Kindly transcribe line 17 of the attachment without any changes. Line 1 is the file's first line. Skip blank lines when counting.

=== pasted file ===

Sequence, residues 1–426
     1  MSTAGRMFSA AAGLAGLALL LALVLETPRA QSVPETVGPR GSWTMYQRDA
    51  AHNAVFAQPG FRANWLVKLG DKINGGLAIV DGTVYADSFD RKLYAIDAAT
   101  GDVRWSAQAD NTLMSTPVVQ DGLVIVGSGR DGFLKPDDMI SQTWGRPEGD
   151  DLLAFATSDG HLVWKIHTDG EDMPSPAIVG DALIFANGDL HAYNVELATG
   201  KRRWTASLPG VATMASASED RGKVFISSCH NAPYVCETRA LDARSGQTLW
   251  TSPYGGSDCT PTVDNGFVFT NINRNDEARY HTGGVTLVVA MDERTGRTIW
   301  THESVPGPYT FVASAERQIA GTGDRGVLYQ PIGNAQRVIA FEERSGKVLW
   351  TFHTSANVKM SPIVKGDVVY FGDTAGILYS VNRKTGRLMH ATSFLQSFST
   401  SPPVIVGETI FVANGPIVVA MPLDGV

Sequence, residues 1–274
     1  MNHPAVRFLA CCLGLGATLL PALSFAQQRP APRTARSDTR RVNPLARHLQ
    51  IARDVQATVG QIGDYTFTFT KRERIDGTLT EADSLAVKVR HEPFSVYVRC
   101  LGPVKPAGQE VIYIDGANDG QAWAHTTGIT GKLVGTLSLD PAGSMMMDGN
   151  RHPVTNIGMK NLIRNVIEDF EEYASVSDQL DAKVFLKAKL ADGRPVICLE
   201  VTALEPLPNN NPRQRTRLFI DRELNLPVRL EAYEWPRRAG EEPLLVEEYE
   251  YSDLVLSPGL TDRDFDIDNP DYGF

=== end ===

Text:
   251  YSDLVLSPGL TDRDFDIDNP DYGF